Lone-actor Terrorists’ Emotions and Cognition: An Evaluation beyond Stereotypes
This is the author accepted manuscript. The final version is available from Wiley via the DOI in this record.
Reason for embargo
Lone-actor terrorists are very often presented as emotionally and/or cognitively impaired—yet is it really the case? The present article provides the first rigorous assessment of the hypotheses according to which a high level of negative emotions, especially anger, and a lack of cognitive flexibility and complexity play a role in lone-actor terrorists’ violent actions. Using a sample of lone-actor terrorists’ writings, we use the LIWC (a fully automated language use analysis software) to compare terrorists’ cognition and emotion with those of other control groups, most notably nonviolent radical activists. Results strongly support the first hypothesis but clearly refute the second one, suggesting that lone-actor terrorists are in fact characterized by a specific combination of high-anger and high-cognitive complexity. These method and results lay the groundwork for a more systematic and nuanced analysis of the psychology of terrorists, which is currently in a deadlock.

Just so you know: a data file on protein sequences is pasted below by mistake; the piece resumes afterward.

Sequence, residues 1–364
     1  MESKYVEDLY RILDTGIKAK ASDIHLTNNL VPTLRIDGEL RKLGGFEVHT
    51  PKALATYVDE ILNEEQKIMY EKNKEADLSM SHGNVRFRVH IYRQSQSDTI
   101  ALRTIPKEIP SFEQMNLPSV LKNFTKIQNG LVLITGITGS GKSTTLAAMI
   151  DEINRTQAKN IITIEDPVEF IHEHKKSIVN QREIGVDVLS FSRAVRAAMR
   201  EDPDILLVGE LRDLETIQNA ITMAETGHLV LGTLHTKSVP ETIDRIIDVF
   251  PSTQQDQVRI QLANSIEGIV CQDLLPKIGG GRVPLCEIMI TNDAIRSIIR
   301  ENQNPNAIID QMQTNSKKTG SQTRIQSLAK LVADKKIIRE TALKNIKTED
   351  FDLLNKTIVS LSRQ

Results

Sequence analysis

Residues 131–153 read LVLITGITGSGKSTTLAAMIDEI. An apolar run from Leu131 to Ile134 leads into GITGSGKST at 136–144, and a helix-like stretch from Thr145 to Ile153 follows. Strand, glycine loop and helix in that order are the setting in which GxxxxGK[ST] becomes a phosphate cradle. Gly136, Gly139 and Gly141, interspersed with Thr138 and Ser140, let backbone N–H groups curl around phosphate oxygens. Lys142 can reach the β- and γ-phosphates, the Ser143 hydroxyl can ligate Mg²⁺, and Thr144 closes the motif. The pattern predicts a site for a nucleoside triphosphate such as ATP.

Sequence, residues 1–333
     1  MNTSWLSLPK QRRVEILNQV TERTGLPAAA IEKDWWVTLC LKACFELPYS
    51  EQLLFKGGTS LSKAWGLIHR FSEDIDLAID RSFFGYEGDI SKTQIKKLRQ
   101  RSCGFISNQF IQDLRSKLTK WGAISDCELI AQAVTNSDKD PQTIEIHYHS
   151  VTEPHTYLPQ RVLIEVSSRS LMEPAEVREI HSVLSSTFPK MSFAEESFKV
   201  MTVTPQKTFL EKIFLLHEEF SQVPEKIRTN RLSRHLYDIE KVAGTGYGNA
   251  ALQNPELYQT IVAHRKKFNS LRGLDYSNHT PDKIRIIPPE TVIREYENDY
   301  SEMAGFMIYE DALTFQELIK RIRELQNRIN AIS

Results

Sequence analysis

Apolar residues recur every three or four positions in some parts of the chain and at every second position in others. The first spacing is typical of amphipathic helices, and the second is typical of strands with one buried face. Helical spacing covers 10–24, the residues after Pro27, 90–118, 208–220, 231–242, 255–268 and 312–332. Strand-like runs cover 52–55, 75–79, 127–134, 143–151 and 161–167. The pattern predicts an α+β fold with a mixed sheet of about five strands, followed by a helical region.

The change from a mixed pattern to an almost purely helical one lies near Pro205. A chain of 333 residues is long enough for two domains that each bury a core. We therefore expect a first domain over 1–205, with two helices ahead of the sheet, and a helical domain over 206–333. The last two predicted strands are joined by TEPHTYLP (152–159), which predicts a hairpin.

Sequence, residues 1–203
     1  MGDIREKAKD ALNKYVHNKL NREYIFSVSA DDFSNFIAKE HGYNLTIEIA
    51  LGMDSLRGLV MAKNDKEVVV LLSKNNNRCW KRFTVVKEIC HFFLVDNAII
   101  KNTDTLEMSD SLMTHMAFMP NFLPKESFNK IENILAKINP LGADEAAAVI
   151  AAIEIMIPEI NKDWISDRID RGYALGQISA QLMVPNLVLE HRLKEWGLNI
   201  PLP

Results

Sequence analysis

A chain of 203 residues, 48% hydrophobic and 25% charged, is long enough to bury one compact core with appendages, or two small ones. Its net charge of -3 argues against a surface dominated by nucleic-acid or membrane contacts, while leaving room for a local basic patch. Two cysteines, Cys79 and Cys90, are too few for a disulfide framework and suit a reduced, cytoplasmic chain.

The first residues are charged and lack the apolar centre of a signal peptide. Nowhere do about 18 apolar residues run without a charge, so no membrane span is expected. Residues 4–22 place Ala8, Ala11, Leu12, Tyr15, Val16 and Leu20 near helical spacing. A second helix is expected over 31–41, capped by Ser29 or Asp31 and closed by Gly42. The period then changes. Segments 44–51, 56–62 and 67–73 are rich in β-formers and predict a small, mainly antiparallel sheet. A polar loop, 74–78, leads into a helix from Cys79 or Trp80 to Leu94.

The author warmly thanks Olivier Sterck (University of Oxford), James Pennebaker (University of Texas, Austin), and Ekaterina Kolpinskaya (University of Exeter) for their insights and support at various stages of the project.